Additionally, the smaller size of and southern hospitality felt at Texas schools creates a cohesive community full of school spirit that the highly selective California schools couldn’t possibly have due to their diversity and size — if that is important to Karen’s daughter. Yes, USC, UCLA and Berkeley have school spirit, but it is a slice of the student population, not a comprehensive body like it was at those schools when we all attended them. Yes, my daughter is a USC legacy too and already has been approached to transfer but she has no desire. Funny how many California kids we met in Texas had parents who went to USC. For us, attending college at TCU is a match made in heaven.
I am a little late to the game, but part of the reason that an institution like Juniata has such stellar rates is because they use advisors to discourage students who can’t cut it to NOT apply.
It would be erroneous to use the kind of causal thinking that Juniata adequately prepares students for professions in the health, medicine, and law. As a professional in higher education, I would be deeply suspicious of such a program.
I have also seen other schools that advise their students to apply to every law/medical school that they can that are safety schools. These may not actually provide the quality medical or legal education that is necessary to meet important core competencies in either profession.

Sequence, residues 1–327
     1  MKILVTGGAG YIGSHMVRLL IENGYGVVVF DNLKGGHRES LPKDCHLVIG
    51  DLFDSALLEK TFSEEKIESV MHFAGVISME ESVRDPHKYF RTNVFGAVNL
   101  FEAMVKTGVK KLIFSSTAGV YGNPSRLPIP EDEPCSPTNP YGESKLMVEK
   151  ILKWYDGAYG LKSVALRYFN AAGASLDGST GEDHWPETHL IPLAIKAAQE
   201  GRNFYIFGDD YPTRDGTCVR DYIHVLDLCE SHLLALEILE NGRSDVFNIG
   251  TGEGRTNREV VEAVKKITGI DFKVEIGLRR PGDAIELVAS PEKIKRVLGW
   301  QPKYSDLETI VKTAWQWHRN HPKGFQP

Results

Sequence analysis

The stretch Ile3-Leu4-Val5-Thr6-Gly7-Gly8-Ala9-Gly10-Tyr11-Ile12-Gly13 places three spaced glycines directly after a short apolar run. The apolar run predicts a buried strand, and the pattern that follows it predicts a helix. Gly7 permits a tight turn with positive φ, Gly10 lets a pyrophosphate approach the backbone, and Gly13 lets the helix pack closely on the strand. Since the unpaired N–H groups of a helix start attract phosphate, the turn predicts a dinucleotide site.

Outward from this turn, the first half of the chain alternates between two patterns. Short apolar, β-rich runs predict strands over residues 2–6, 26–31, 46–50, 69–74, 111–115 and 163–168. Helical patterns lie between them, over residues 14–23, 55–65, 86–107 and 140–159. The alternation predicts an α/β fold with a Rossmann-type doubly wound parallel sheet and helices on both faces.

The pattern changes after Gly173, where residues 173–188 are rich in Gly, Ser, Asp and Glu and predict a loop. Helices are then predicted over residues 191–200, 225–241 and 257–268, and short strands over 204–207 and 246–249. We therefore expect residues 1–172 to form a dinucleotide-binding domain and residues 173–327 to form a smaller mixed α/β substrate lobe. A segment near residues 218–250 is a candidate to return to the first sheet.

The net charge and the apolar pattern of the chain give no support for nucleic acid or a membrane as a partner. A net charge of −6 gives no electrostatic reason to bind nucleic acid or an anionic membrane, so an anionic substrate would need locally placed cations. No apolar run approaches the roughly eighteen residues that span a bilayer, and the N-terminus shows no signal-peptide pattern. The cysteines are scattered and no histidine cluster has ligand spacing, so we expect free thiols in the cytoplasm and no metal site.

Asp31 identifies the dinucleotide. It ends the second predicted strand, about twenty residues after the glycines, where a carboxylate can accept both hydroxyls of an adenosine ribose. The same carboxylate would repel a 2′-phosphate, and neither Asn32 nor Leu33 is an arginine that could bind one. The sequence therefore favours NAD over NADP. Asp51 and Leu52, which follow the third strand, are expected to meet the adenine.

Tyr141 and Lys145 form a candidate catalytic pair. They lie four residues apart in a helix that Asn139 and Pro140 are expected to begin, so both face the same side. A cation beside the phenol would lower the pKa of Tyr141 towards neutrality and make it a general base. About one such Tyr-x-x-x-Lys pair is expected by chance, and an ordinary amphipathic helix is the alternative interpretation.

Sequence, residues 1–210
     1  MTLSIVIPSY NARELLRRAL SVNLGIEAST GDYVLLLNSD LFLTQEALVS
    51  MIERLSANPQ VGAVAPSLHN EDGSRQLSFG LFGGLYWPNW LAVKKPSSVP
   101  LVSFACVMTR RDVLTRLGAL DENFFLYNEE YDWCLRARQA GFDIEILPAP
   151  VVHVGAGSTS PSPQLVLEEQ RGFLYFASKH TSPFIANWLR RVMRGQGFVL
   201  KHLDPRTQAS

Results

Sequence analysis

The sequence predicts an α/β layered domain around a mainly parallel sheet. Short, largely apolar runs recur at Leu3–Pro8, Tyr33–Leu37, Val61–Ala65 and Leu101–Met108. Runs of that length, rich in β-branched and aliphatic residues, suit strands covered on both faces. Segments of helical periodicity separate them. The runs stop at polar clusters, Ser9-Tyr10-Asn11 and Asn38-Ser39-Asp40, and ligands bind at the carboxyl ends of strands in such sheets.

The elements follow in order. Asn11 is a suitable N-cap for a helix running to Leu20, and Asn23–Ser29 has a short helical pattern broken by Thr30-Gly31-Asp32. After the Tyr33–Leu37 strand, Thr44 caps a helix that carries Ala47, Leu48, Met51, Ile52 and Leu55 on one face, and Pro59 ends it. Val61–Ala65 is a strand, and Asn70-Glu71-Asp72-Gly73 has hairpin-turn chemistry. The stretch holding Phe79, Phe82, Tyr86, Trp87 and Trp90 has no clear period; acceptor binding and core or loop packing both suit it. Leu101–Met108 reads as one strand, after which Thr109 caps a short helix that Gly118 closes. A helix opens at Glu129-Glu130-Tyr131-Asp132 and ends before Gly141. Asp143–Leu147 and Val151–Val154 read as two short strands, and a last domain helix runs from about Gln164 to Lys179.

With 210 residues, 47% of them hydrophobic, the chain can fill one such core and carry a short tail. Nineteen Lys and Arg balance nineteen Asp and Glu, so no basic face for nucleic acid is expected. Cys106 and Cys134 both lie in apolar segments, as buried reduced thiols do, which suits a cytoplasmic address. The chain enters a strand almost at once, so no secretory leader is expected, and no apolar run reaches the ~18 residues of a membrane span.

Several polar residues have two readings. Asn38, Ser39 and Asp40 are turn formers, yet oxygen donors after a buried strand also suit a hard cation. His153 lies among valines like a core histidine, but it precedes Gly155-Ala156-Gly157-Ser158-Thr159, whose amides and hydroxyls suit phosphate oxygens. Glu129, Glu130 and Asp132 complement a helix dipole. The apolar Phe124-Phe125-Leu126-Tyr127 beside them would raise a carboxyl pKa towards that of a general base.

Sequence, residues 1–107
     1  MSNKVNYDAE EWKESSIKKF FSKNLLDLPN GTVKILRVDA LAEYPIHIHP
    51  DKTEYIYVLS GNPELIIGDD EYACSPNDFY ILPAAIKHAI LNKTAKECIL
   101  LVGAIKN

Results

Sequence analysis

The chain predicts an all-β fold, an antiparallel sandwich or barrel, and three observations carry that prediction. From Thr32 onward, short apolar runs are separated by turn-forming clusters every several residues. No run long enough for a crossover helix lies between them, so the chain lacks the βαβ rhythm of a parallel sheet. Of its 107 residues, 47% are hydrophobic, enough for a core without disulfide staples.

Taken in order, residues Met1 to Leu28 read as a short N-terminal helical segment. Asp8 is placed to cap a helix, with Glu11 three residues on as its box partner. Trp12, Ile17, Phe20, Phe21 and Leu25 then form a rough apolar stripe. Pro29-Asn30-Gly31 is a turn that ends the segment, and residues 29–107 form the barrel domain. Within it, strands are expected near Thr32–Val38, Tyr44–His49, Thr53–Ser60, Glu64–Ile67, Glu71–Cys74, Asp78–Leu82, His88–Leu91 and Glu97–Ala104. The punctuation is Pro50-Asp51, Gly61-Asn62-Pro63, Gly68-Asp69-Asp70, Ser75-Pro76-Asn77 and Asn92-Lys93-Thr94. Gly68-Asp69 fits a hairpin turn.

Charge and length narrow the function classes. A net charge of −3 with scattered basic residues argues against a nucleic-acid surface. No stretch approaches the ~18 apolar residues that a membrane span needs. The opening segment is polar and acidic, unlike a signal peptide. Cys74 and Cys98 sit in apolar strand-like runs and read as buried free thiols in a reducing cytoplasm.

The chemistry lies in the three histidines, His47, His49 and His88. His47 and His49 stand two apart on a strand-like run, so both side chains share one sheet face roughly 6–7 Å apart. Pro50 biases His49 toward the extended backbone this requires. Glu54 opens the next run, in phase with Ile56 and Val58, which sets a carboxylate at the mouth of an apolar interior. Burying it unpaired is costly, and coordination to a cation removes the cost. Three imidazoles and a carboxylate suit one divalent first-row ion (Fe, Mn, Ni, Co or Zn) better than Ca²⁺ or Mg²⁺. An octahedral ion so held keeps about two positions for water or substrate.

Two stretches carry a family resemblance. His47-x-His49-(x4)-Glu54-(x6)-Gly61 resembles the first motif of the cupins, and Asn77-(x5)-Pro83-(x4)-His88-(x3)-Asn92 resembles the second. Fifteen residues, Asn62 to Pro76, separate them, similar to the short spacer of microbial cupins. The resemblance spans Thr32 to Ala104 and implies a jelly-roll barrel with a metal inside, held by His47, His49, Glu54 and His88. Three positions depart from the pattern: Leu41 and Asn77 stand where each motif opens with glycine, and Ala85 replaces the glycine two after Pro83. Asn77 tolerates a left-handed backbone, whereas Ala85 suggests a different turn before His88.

The better evidence is not so much the placement statistics, but the commitment of the University to provide intense preparation in each of these areas including career counseling, academic preparation, test preparation, etc.
Living in Pennsylvania, I constantly hear from people who know Juniata graduates that they are elitist and somewhat “snobby.” It is a continuous perception of Juniata graduates and that they are also out of touch with the world, because they come from upper to middle class, white families.
I deeply dislike generalizing, but the perception has been a pervasive one, and one that I experienced myself recently. Perhaps Juniata should consider the ways in which they contribute to their students personal development more fully.
Really, I thought Carleton College was a safety school. It has like a 40% acceptance rate which is not that selective.
The poster writes: “…Texas schools creates a cohesive community full of school spirit that the highly selective California schools couldn’t possibly have due to their diversity and size-”
This was an interesting post, with excellent points, but I wonder at this quote above? What is the reference to the “diversity” in California schools that makes school spirit less “cohesive” than at TCU? I wonder what kind of diversity makes the CA schools less attractive.